On 6th November James signed an order authorising the torture of Fawkes. At this time the two favoured methods of torture used in the Tower were the manacles and the rack. Both designed to be extremely painful, the manacles were ‘iron gloves into which the hands of the suspect were placed, and from which he was hung up against a wall.’ Initially the suspect’s feet would be propped on a pile of wooden billets for support, but these would eventually be removed ‘to leave him dangling, sometimes for several hours. The gauntlets could also be tightened to heighten the agony.’ The rack, a form of torture in which the suspect’s body was stretched, led to the dislocation of the suspect’s arms and legs and usually caused permanent physical damage. Fawkes almost certainly suffered the manacles, and in all probability the rack too. His signature below is testament to his broken body.

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Crime Gunpowder Plot

Beware the executioner

Today’s snippet is a description of the execution method favoured for traitors in Jacobean England. Sir Edward Coke, passing final judgement against the Gunpowder Plotters at their trial in 1606, omninously describes their impending death. This fate was subsequently met by eight of the plotters, including Guy Fawkes.

He shall have his judgement to be drawen to the place of Execution from his prison, as being not worthie anymore to tread upon the face of the earth, whereof he was made. Also for that he hath beene retrograde to nature, therefore is hee drawen backwards at a horse taile… hee must be drawen with his head declining downeward, and lying so neere the ground as may be, being thought unfit to take benefit of the common ayre: For which cause also, he shalbe strangled, being hanged up by the necke between heaven and earth, as deemed unworthy of both, or either: As likewise, that the eyes of men may behold, and their hearts contemne him. Then hee is to be cut downe alive, and to have his privie parts cut off and burnt before his face, as being unworthily begotten, and unfit to leave any generation after him. His bowles and inlayed parts taken out and burnt, who inwardly had conceived and harboured in his heart such horrible Treason. After to have his head cut off which had imagined the mischief. And lastly, his body to be quartered and the quarters set up in some high and eminent place, to the view and detestation of men, and to become a pray for the fowles of the aire.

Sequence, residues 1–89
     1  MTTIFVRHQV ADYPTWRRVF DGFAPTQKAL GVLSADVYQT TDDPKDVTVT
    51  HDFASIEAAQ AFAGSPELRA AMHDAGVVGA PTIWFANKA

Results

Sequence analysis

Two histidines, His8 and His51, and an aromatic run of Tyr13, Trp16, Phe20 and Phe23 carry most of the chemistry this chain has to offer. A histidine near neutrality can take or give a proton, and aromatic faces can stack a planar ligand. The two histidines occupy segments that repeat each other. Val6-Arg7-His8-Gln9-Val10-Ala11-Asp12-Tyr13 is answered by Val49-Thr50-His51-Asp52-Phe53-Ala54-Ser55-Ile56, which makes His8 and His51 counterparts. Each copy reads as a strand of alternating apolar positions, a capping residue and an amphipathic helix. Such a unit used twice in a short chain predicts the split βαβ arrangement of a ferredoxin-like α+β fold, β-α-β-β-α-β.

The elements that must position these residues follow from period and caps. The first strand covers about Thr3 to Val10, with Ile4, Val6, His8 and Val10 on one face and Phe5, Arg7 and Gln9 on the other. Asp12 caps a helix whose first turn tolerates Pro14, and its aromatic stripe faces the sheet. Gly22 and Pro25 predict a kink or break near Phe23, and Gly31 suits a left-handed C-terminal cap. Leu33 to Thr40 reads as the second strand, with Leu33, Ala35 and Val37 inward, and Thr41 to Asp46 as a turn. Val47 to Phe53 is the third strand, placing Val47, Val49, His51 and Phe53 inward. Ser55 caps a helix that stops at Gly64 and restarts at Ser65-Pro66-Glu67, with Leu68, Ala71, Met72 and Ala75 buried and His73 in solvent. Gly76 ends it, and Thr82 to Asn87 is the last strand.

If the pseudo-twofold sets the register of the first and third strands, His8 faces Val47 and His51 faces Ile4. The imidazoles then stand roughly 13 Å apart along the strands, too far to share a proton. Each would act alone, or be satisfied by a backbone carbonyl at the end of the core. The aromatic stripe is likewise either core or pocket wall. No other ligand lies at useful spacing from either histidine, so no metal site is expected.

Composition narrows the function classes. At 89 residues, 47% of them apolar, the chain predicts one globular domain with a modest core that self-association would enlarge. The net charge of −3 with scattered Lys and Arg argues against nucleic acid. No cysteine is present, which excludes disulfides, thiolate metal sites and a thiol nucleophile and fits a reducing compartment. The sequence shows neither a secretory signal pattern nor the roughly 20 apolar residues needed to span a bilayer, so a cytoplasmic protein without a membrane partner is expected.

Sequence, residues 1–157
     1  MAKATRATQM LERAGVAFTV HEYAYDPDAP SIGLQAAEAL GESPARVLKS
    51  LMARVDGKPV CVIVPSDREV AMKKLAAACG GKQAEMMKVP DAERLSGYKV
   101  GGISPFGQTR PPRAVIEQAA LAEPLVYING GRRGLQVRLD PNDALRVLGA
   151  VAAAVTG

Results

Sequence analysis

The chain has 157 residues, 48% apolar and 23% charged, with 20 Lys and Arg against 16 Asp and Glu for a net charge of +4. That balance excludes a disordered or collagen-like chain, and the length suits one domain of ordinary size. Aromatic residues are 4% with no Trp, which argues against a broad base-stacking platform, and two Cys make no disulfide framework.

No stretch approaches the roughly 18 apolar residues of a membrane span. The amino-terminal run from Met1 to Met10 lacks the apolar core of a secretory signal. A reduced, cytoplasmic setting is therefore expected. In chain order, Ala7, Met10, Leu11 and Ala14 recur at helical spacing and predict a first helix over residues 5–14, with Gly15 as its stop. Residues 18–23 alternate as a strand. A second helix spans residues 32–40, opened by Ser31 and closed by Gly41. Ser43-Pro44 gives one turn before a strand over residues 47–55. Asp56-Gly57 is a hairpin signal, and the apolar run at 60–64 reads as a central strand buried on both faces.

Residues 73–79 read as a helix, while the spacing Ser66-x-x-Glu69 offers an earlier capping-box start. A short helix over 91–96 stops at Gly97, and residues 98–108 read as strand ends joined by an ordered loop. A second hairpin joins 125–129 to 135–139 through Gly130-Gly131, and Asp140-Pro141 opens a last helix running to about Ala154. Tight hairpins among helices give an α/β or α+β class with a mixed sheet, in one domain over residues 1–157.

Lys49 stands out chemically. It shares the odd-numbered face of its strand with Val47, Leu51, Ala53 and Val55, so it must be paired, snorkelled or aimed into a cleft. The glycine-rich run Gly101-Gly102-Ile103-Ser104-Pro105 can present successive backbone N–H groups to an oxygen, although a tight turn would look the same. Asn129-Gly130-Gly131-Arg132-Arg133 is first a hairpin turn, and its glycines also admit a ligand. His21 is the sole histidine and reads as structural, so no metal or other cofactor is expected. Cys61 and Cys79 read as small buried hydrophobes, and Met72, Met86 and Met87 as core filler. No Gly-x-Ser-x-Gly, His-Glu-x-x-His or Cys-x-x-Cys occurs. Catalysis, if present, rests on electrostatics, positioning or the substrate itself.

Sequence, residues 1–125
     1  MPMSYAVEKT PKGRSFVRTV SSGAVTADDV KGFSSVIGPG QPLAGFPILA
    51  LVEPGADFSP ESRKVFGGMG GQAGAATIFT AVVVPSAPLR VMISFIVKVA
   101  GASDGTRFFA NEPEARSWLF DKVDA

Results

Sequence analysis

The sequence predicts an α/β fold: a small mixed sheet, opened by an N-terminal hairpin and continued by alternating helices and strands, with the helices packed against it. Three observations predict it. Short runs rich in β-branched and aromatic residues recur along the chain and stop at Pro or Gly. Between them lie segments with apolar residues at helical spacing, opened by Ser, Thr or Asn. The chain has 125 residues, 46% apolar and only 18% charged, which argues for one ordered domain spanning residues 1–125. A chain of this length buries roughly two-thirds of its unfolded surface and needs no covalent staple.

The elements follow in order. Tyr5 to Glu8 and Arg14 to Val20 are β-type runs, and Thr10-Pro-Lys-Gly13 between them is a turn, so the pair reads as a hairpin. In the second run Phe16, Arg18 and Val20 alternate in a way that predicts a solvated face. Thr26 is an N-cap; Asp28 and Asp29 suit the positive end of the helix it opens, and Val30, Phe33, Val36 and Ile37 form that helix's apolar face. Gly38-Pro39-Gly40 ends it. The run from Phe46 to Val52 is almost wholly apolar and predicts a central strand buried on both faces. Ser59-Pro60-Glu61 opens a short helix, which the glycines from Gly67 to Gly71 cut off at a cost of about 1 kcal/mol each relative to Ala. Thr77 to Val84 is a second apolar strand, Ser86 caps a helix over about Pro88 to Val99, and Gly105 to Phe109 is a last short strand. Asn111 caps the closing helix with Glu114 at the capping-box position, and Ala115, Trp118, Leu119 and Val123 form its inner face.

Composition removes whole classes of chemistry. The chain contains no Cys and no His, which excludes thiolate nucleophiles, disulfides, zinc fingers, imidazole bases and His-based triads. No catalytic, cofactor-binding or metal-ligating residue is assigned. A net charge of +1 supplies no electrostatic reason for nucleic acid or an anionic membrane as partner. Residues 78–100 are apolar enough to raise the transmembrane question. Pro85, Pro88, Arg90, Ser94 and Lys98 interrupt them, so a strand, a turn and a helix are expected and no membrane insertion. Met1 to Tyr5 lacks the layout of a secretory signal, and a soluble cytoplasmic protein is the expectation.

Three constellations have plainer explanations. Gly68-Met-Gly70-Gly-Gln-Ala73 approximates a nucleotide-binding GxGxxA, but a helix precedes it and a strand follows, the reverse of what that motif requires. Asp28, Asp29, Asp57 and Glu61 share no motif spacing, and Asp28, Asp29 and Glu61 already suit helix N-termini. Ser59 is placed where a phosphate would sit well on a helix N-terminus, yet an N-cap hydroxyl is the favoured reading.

© 2009-2013 All Rights Reserved

Crime Gunpowder Plot

Monteagle Letter

Today I thought it might be interesting to share the Monteagle Letter, the famous epistle that foiled the Gunpowder Plot and saved the King and Parliament.

The author of the letter has never come to light. There are countless theories as to who might have penned it, but the most likely candidate is Monteagle’s brother-in-law, Francis Tresham, an unenthusiastic and dithery Catholic on the outer fringes of the Plot.

The letter itself reads as follows ( I have standardised spellings):

My Lord, out of the love I beare to some of your friends I have a care of your preservation, therefore I would advise you as you tender your life to devise some excuse to shift off your attendance at this Parliament, for God and man hath concurred to punish the wickedness of this time, and think not slightly of this advertisement but retire yourself into your country where you may expect the event in safety, for though there be no appearance of any stir yet I say they shall receive a terrible blow this Parliament and yet they shall not see who hurts them, this counsel is not to be contempted because it may do you good and can do you no harm for the danger is passed as soon as you have burnt the letter and I hope God will give you the grace to make good use of it, to whose holy protection I commend you.